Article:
Ubiquitous Carbon-Bearing Minerals on Asteroid Bennu

During fall 2019, NASA’s OSIRIS-REx spacecraft captured this image, which shows one of asteroid Bennu’s boulders with a bright vein that appears to be made of carbonate. The image within the circle (lower right) shows a focused view of the vein. Credit: NASA/Goddard/University of Arizona.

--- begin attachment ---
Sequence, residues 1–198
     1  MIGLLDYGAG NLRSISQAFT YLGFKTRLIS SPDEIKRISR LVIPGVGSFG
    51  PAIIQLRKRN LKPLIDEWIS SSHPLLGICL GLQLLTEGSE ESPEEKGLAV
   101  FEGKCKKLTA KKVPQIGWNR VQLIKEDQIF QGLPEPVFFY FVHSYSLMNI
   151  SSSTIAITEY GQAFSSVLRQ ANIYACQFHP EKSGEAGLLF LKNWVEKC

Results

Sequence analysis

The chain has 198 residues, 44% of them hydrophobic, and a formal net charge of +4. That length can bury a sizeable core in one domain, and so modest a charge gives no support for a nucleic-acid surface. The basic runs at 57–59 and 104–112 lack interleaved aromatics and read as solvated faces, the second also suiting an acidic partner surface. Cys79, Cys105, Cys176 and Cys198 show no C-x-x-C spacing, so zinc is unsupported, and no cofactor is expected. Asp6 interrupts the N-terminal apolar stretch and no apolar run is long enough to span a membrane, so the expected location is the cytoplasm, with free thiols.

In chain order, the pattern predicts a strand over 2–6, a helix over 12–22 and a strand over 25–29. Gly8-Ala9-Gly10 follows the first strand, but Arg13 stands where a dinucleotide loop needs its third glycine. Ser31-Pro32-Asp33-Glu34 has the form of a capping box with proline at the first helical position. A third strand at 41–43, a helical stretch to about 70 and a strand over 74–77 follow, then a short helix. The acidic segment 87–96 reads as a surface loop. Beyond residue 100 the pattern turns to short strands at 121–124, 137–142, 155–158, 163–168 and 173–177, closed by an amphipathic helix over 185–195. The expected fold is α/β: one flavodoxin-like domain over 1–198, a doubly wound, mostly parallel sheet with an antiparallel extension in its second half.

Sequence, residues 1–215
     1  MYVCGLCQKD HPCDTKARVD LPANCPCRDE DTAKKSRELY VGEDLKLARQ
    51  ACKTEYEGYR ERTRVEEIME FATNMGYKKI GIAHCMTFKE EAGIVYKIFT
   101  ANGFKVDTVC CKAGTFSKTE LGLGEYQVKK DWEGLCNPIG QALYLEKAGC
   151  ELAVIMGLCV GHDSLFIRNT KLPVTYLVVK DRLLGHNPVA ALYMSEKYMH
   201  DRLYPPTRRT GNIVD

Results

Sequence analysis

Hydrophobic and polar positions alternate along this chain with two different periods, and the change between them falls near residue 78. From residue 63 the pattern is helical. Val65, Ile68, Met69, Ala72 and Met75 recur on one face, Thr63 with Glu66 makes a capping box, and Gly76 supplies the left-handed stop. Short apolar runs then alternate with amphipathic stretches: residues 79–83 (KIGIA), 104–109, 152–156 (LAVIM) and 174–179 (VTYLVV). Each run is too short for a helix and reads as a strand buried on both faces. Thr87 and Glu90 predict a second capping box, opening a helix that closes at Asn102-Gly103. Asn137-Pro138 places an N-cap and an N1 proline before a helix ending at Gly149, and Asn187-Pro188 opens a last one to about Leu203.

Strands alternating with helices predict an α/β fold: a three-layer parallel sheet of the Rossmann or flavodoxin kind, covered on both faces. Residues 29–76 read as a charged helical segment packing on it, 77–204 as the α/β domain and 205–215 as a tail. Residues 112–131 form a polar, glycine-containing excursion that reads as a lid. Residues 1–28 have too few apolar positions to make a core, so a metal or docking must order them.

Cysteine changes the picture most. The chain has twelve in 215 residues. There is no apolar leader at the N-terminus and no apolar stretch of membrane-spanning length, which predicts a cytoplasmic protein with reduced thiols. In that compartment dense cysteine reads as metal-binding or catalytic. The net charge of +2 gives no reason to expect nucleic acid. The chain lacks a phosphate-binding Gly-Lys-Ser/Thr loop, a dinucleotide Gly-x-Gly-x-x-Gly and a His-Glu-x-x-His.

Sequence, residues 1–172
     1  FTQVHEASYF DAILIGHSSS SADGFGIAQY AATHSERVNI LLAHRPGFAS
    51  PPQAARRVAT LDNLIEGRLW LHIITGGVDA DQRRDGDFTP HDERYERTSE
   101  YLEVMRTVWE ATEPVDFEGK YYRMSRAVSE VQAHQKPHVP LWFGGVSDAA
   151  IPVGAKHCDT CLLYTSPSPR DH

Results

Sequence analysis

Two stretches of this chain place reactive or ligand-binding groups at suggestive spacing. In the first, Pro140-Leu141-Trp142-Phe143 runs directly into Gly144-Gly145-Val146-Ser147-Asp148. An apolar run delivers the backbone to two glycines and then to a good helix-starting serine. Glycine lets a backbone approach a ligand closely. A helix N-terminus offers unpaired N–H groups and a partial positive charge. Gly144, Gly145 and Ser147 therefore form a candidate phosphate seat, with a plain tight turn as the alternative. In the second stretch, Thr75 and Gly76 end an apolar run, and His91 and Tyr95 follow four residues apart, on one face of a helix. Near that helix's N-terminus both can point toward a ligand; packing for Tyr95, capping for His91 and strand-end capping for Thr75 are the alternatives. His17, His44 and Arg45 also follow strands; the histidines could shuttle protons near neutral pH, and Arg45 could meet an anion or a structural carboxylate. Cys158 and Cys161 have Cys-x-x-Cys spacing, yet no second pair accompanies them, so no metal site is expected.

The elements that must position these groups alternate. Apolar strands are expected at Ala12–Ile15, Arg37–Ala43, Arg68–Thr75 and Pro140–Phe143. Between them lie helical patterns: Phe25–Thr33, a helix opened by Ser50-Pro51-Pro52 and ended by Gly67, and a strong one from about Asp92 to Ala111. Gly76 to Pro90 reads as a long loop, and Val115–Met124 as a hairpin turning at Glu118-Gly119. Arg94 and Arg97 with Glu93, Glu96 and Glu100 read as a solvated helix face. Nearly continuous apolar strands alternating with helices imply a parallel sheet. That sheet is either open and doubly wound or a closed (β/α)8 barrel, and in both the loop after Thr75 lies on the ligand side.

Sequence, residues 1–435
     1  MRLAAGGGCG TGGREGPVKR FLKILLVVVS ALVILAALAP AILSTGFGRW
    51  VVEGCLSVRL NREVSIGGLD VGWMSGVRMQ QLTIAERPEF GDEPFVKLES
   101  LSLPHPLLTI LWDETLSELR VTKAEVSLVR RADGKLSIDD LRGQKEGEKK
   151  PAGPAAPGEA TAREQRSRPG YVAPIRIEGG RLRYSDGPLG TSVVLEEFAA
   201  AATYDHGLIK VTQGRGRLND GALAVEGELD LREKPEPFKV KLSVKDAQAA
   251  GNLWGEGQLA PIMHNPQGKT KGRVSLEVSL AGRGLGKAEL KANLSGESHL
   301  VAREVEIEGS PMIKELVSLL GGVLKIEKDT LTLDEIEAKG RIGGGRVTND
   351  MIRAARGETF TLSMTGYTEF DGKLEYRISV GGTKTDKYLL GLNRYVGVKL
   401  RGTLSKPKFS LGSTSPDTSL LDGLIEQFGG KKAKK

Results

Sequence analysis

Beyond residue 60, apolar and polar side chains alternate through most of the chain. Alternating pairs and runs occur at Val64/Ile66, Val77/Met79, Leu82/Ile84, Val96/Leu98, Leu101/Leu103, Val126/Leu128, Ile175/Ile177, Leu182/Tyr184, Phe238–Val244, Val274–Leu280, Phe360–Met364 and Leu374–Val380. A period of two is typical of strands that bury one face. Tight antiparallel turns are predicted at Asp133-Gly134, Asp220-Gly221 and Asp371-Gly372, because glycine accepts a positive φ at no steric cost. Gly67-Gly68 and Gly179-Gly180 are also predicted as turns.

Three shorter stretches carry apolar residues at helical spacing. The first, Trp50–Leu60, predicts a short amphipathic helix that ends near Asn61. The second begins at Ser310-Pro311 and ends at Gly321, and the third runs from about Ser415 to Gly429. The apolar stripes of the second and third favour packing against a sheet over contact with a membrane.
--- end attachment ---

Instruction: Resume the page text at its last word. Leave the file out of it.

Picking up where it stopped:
Carbonaceous chondrite meteorites preserve volatiles and carbonaceous matter, the key ingredients of life, from the early solar system. These meteorites show spectral similarities to the C-type asteroids that are also thought to be enriched in carbon. NASA’s OSIRIS-REx (Origins, Spectral Interpretation, Resource Identification, and Security–Regolith Explorer) spacecraft collected samples from one such asteroid, the near-Earth asteroid (101955) Bennu. OSIRIS-REx is equipped with a visible and infrared spectrometer (OVIRS) that allows detection of carbon-bearing minerals and organic species by mapping wavelengths from 0.4 to 4.3 microns. Amy Simon of NASA’s Goddard Space Flight Center and coauthors recently reported the results of this mapping of Bennu by the OSIRIS-REx spacecraft. The team found that carbon-bearing compounds are detected globally on the surface of Bennu via a 3.4-micron absorption feature. They also detected a global 2.74-micron absorption feature, indicative of hydrated phyllosilicates, suggesting the similarly ubiquitous presence of aqueously altered materials on Bennu. The mapping results also show that the carbon-bearing compounds are a mixture of organics and carbonates, varying greatly in abundance, across Bennu’s surface. The observed variations suggest a complex collisional and mixing history for the asteroid. The ubiquitous presence of organics implies that most of the material on Bennu’s surface is freshly exposed (within the last few million years), because organic compounds are rapidly destroyed by the harsh radiation environment to which the surface is subjected. The samples collected by the spacecraft in October likely contain these carbon-bearing minerals and organic materials. OSIRIS-REx will leave Bennu next year and head back to Earth. It will arrive in September 2023 and eject the sample return capsule, which will parachute to a landing in the Utah desert. The samples returned from the asteroid Bennu are likely the leftovers of planet formation processes, and their study will help improve our understanding of the earliest times in the solar system. READ MORE